On October 8, 2009, Representative John Adler (D-NJ) introduced House Bill 3763 (PDF), which would exclude certain small businesses, including health care practices with 20 or fewer employees, from the FTC's Red Flags Rule.  The bill has been referred to the House Committee on Financial Services.  DGS will continue to track and report any noteworthy progress.

In July 2009, the FTC delayed enforcement of the Red Flags Rule for a third time, until November 1, 2009.  A prior DGS post provides more information on the requirements of the Red Flags Rule.

FTC and HHS Issue Breach Notification Rules for Electronic Health Information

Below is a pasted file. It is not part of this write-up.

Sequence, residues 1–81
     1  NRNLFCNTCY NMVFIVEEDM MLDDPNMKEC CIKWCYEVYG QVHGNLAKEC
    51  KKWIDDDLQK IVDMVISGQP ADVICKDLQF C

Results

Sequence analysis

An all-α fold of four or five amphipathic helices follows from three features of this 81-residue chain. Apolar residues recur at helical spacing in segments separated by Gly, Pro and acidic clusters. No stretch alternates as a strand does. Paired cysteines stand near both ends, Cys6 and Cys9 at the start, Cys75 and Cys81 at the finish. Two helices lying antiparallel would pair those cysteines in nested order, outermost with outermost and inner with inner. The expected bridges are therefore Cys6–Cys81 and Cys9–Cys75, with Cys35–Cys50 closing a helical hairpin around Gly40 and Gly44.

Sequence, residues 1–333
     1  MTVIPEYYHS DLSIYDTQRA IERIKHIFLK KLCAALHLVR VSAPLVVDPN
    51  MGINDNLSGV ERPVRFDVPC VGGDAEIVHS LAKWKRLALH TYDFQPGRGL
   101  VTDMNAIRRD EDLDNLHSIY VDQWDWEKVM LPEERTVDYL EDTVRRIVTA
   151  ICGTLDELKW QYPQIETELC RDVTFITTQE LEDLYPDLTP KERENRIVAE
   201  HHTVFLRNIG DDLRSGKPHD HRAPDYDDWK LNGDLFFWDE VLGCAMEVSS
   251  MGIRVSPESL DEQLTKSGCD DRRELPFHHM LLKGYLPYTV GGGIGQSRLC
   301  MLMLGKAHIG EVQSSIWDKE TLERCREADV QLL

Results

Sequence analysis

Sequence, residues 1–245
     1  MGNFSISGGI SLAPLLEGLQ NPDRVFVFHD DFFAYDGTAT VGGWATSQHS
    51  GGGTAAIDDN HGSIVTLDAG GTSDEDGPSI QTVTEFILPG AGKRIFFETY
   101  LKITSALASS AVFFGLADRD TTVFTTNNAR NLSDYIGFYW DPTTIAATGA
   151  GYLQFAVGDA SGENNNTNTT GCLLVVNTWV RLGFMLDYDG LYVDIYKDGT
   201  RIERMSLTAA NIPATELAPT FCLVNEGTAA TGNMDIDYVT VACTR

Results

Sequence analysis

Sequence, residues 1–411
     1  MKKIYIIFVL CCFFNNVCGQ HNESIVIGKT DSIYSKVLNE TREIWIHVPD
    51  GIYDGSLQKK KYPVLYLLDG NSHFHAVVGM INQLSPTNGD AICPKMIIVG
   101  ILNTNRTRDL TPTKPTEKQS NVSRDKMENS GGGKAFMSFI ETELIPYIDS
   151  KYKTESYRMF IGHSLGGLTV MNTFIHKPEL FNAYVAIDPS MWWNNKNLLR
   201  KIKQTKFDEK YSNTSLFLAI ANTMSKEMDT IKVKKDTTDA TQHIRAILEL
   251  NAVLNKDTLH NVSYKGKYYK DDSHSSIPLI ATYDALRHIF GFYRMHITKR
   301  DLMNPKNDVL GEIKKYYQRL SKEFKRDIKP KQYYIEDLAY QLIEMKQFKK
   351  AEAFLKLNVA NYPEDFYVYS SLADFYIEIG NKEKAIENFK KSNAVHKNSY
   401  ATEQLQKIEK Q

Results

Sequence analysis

As part of the American Recovery and Reinvestment Act of 2009 (the “Recovery Act”), Congress directed the Federal Trade Commission (“FTC”) and the Department of Health and Human Services (“HHS”) to issue rules requiring certain entities to notify consumers if there has been a breach in the security of their personal health information. 

The FTC rule applies to vendors of personal health records, which provide online repositories for storage and tracking of health information, and entities that offer third-party applications for personal health records. These applications could include, for example, a blood pressure cuff whose readings consumers can upload to their personal health record. 

The HHS rule, developed by the Office for Civil Rights (OCR), applies to healthcare providers and other HIPAA covered entities.

Under the rules, those entities subject to either rule must notify consumers if there is a “breach” involving their “unsecured” health information. Additionally, if a service provider or business associate of one of the entities has a breach of its own, it must notify the entity, which in turn must notify consumers.